Do any of you remember how you learnt to read your name? I learnt mine by seeing it written again and again… in print, in cursive and in capitals… on books, on scraps of paper, in the steam on our kitchen window at breakfast in winter. And I recognised my name without resorting to any form of phonics. In fact if I’d tried to sound it, I’d never have managed. Nor would I have managed to read Pinocchio because unless you’re Italian how would you know to say ‘kee’ instead of ‘chee’ as in church.

The point I’m trying to make is that we learn to read in spite of ourselves by recognising shapes of words and reading them as a whole word in the context of a story. The more a child is exposed to words by hearing the words repeated and seeing them in print, the more a child can absorb words. They become part of an embedded, dynamic, rhythmic pattern. Seeing pattern and shape and texture is inherent in all of us. Yet children are being taught the phonics method.

It was brought home to me yesterday during a visit to a reception class where I put up a cover of one of my picture books and listened to a boy trying with excruciating difficulty to sound Dianne Hofmeyr… impossible! There will be many views on this one. Some might argue that phonics give children the tool to break down words. But I think the eye of the child is intelligent enough to see pattern. Once the entire word is spoken and it’s shape recognised again and again and again, it’ll be remembered – whether in a book, or on a cereal box, or in the steam on a kitchen window.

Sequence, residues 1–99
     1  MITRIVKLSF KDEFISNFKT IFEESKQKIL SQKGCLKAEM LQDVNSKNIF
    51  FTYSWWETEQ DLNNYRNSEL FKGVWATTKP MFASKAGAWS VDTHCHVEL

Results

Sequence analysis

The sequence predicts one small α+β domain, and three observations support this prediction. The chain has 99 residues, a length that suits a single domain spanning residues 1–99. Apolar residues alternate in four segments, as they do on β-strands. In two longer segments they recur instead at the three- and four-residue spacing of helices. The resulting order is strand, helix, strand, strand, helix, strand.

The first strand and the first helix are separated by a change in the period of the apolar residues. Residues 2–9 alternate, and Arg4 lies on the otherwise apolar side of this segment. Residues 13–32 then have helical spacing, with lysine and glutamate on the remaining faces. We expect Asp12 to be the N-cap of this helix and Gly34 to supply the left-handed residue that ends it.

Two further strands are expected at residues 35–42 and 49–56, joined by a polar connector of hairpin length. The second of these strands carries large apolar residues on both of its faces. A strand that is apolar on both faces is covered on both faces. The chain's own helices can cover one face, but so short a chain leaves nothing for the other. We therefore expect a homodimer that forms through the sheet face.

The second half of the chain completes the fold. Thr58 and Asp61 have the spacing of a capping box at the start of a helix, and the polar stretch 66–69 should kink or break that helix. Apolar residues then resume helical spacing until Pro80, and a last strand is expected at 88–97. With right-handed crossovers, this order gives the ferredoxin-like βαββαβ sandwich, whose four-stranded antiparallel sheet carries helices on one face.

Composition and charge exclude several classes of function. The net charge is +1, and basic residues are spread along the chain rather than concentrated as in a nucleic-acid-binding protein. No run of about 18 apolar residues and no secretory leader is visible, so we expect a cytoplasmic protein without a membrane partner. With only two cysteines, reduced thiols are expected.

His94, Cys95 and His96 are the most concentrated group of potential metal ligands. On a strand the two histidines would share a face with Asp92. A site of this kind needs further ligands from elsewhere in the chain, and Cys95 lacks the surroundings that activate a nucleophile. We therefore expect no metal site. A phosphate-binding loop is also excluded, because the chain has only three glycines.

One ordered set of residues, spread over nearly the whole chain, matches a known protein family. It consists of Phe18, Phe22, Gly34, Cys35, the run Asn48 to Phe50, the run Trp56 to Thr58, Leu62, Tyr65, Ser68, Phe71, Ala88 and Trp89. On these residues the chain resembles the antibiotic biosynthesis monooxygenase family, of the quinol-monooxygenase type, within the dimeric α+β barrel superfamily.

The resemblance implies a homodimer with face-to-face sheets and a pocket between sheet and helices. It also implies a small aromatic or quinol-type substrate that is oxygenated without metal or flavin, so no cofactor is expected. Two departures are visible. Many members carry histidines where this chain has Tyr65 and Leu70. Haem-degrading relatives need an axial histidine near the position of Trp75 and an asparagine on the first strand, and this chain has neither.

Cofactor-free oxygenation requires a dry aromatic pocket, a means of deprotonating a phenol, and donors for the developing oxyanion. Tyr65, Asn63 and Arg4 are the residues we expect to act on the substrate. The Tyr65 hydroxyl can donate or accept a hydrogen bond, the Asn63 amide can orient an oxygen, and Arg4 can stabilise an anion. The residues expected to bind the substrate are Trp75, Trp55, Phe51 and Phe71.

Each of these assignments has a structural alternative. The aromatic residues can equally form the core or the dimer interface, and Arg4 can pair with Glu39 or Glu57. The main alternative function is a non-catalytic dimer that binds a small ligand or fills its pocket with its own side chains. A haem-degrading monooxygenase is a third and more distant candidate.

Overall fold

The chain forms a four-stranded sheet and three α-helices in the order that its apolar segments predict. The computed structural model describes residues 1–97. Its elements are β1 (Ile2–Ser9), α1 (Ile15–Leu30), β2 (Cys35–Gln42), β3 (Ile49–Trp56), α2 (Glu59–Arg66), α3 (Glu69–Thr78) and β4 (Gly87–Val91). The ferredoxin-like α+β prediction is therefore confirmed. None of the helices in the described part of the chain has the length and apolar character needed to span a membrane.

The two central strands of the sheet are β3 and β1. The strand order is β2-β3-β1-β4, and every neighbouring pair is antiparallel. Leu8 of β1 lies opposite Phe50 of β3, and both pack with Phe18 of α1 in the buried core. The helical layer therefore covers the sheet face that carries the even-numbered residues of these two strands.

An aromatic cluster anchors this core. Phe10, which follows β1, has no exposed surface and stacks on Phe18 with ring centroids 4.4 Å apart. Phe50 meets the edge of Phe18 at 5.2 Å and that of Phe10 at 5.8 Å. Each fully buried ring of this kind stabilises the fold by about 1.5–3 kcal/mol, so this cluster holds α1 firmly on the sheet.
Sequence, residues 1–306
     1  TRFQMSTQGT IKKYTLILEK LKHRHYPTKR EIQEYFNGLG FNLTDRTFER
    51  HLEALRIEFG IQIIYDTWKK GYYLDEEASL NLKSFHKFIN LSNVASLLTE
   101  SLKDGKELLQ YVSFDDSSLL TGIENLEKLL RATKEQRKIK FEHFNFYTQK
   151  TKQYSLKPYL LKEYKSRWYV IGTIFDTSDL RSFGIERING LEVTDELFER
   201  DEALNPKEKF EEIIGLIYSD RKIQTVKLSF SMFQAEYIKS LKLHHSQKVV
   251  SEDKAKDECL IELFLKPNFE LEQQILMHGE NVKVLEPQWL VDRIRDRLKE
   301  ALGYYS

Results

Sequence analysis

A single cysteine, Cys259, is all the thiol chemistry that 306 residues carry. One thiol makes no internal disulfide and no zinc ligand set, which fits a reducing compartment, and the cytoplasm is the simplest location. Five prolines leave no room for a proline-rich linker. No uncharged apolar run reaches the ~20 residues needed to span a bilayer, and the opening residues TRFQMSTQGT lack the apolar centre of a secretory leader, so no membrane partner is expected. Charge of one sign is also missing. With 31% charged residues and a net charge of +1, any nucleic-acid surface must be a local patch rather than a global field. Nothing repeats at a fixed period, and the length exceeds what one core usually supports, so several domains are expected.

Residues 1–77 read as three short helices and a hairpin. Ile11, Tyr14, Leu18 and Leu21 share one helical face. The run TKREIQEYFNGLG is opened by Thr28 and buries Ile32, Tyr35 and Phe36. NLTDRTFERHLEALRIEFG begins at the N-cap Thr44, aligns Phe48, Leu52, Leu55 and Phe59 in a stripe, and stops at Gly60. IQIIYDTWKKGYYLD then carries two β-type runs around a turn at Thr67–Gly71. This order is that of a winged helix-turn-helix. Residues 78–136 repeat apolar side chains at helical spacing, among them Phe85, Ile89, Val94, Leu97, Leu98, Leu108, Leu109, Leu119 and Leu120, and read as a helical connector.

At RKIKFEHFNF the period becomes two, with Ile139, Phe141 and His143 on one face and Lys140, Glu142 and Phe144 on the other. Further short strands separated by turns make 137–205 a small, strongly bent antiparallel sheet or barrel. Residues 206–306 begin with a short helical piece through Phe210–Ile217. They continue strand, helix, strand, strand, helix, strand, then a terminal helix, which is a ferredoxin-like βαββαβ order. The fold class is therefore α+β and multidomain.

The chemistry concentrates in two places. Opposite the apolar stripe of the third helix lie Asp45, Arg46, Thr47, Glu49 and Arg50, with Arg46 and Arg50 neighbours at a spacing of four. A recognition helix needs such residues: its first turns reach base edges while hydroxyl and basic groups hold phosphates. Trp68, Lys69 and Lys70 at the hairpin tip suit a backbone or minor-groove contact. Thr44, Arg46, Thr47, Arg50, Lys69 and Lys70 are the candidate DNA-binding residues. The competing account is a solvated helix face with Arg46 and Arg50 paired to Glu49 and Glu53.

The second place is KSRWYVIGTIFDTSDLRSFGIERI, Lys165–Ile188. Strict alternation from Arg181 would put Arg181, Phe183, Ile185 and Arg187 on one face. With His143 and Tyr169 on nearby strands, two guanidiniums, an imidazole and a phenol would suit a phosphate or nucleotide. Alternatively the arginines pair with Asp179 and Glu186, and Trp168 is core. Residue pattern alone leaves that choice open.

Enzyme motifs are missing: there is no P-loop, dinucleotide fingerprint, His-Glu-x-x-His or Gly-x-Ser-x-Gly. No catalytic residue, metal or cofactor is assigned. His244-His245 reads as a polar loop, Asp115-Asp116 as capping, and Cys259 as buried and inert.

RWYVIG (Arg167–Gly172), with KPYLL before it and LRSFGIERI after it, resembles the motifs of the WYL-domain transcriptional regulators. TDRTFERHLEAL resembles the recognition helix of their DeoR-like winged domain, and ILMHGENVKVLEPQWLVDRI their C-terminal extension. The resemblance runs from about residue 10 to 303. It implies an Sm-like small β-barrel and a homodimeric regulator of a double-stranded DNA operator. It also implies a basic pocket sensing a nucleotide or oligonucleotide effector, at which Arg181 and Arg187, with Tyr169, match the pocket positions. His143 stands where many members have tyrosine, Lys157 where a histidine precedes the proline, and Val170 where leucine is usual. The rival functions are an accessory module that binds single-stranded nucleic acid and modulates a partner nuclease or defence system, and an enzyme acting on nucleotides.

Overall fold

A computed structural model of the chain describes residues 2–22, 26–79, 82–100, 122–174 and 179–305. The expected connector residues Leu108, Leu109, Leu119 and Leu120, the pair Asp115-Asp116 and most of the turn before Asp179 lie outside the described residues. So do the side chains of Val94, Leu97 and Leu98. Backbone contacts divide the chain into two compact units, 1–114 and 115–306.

The eye of the child is frighteningly observant. The drawing to the left demonstrates this… a child’s drawing of a bird, flying with enormous energy and imagination and then the same child drawing a bird after having been exposed to a workbook.

Children of four should be playing, drawing, and enjoying books, not learning to spell their name and colouring in their workbooks. ‘Colouring in’ books were banished in our house. All that’s needed to give freedom to the power of a child’s imagination, is a surface and something that makes a mark, because a child who is allowed to ‘story’ in his head by drawing, is a child who is opening up to the world of both oral and written stories.

I’m no longer sure what inspired my son at age three to do the drawing, ‘Taking my Snail for a Walk’, but it must have been some intense experience. If only we are able to keep those intense experiences alive for children… an intense experience of story. I can still almost smell the forest and hear the sound, as I recall the picture of Pookie the rabbit and the long line of his friends thumping their back legs to frighten off the wood-cutters.

Don’t let’s limit children and their imagination in any form… let’s banish phonics.